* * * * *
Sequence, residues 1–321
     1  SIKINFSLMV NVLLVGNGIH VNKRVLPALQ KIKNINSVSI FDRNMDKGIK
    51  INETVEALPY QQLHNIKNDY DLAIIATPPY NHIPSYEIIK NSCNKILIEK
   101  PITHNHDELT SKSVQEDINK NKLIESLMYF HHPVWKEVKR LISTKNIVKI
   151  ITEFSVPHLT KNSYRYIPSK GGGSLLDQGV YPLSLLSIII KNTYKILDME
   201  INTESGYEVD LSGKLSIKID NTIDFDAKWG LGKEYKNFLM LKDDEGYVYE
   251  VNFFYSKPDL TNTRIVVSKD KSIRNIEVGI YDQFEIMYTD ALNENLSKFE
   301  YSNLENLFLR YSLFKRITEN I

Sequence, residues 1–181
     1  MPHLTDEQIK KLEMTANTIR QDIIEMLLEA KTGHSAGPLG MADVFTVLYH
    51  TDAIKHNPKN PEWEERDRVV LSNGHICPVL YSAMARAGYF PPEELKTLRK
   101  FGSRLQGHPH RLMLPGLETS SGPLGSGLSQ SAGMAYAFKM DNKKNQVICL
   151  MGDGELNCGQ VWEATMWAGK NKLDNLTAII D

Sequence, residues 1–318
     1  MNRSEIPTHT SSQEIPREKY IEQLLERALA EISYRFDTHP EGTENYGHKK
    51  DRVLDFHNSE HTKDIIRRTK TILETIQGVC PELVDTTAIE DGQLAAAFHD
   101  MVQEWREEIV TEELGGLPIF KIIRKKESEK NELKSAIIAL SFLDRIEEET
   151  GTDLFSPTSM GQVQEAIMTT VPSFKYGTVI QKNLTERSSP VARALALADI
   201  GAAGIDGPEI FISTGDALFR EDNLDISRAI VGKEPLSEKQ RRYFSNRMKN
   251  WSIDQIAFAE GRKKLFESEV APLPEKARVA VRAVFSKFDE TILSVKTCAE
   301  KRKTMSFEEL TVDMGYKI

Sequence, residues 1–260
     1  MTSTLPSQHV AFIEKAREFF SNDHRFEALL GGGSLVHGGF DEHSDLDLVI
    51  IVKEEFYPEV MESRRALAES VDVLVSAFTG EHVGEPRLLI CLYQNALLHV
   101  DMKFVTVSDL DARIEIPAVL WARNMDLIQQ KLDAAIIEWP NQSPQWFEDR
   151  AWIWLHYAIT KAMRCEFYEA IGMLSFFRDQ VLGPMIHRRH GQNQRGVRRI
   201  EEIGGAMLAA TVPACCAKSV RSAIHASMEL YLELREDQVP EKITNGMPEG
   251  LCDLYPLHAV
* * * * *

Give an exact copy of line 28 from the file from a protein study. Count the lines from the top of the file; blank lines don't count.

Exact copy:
   251  LCDLYPLHAV